A Guide to Transitions

You’ve done it! You graduated college, walked across the stage, and received your diploma. You’re done with homework, lab practicals, papers, late nights studying fueled by coffee and cereal. You’re on your own in the “real world” now, looking for jobs, a place to live, and someone to share it with. Or maybe you graduated from college years ago, but you’ve quit or lost a job, moved, or started living somewhere new. That should be good news, right?

If you’re anything like me, you suddenly feel confused, lost, and under pressure. What will you do next? everyone asks. Do you have a job yet? What will you use your degree for? When will you get married?

I know that everyone is just curious and excited; they don’t mean to be adding pressure. But hear any of these questions for the thousandth time and its easy to feel terrified inside as you put on a smile, again.

Here are a few things to think about as you find yourself in between chapters in your life.

1. You are not alone.

The most important thing to remember is this: these feelings are normal. Even if no one around you is admitting it, most people feel lost and lonely after finishing college, and all adults feel lost at some point in their lives. Sure, one friend just posted engagement photos on Facebook, another is sharing their cool “office” or apartment on Instagram. Keep in mind that social media makes it easy for us to curate what our lives look like to the rest of the world and that everyone has challenges we cannot see.

2. Take one day at a time.

Keep applying to as many jobs as you can and put yourself out there. Accept interviews, travel to new places, and explore in the meantime. It will take work, but I’ve found that things sometimes work themselves out in ways you’d never have imagined. Try taking one day at a time—there’s no need to have a 5 year plan right now.

3. Find something that makes you happy.

Learn a new hobby! Pick up a craft, start a new book, get outside, join a club. No matter how small it is, find something that makes you excited and get started. Use your free time to learn and explore, and you might learn something new about yourself along the way.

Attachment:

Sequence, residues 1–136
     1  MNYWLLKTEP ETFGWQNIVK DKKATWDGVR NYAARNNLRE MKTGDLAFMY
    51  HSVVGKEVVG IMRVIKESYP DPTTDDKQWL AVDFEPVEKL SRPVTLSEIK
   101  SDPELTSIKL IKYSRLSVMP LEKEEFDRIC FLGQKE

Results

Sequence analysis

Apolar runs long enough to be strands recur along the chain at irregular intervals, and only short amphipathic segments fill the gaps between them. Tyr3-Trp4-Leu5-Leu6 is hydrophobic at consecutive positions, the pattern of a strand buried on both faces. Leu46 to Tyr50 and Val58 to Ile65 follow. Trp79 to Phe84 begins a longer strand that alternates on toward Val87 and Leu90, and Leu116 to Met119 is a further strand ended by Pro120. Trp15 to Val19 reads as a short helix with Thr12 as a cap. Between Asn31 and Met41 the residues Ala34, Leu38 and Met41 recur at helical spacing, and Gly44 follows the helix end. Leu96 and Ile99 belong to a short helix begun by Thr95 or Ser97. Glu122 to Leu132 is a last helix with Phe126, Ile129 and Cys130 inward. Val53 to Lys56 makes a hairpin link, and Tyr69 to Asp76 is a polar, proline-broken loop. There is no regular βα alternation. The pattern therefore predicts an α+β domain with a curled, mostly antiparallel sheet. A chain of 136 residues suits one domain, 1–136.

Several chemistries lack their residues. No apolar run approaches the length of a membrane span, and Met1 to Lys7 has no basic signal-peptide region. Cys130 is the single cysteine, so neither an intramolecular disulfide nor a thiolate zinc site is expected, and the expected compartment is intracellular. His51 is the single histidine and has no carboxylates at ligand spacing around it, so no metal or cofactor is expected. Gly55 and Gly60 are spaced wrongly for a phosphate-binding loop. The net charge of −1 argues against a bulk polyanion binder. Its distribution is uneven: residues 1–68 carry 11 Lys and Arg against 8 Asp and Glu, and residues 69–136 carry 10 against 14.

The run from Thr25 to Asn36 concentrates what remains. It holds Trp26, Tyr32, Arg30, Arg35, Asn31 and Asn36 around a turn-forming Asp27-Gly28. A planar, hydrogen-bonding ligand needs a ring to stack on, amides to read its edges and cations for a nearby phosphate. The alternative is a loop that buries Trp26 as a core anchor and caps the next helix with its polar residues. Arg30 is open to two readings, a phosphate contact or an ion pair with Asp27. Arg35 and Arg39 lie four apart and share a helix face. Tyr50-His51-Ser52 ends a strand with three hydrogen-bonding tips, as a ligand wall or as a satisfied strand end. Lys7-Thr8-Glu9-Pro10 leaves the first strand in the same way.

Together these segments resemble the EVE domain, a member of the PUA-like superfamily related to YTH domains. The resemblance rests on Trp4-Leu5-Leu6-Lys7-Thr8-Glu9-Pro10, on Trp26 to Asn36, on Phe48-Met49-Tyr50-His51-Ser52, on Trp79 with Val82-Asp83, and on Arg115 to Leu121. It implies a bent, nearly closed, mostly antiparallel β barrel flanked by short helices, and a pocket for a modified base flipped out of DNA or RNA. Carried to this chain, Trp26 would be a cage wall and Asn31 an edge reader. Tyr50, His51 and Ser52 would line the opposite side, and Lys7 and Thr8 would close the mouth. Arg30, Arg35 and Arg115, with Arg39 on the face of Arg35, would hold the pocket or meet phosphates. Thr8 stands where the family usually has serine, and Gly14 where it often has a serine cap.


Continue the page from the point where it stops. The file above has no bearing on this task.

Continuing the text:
4. Start a conversation.

In the past few years, I’ve reached out to plenty of college and high school friends that I haven’t heard from in ages. More often than not, they’re excited to hear from me! Write a snail-mail letter, text your best friend, or draft an email to a classmate. Most importantly—be honest and genuine. It’s okay to be going through a tough time and it’s even more okay to admit it to yourself and others. It’s likely they’re going through something extremely similar, and the kindness and advice you’ll receive in exchange for your honesty may surprise you.

5. Be grateful.

Are you living at home or with a friend in this transition? Are your parents supportive? Do you have even one person you can turn to when you’re feeling low? Be grateful for any amount of support you are receiving and show appreciation to the people in your life who love you. Don’t feel guilty for needing help; we all need help and support at different points in our lives.

My parents are always excited to have me at home in my transitions and I feel extremely lucky for all of their support and love when I’m feeling lost. Being home has its own challenges because it’s never quite the same as when you first left, but it’s still home. I give my dog extra snuggles and enjoy being in a space that puts me at ease.

6. Reflect on your emotions.

You are going through a period of growth that you can learn from. So pick up a journal, notebook, or piece of scrap paper and start writing down what’s in your head. You don’t have to be Shakespeare—just get a pen to paper and let your heart spill out onto the pages. Writing has been the best way for me to learn about myself using my emotions as a guide.

So maybe you’re feeling lonely, scared, lost, confused, anxious, or a combination of all these emotions. Every time I have moved or accepted a new job since graduating from Gustavus (this fall will mark my 5th transition since finishing school), I have felt all of these emotions. But the discomfort that comes with these periods of change means that we are growing and learning. Know that if you are struggling, it’s only going to make you stronger for the future and more of the inevitable periods of change that will come. You are not alone.

Every day, month, and year is uncharted territory into new experiences and new adventures that, if you’re lucky, will continue to put you outside of your comfort zone and make you uncomfortable in more ways than one. It’s the only way to keep growing.

One thought on “A Guide to Transitions

  1. Ruth Lin says:

    This is incredibly well done and well written.

    Can I share it with some graduating seniors and some others who I think will benefit from it?

    Thanks!

    Dr. Ruth Lin

    Director of Symphony Orchestra

    Gustavus Adolphus College

    507-933-7248

    rlin@gustavus.edu

    On Thu, Oct 24, 2019 at 2:34 PM The Curiosity Chronicles wrote:

    > Lindsey posted: ” You’ve done it! You graduated college, walked across the > stage, and received your diploma. You’re done with homework, lab > practicals, papers, late nights studying fueled by coffee and cereal. > You’re on your own in the “real world” now, looking for jobs, ” >

    Like

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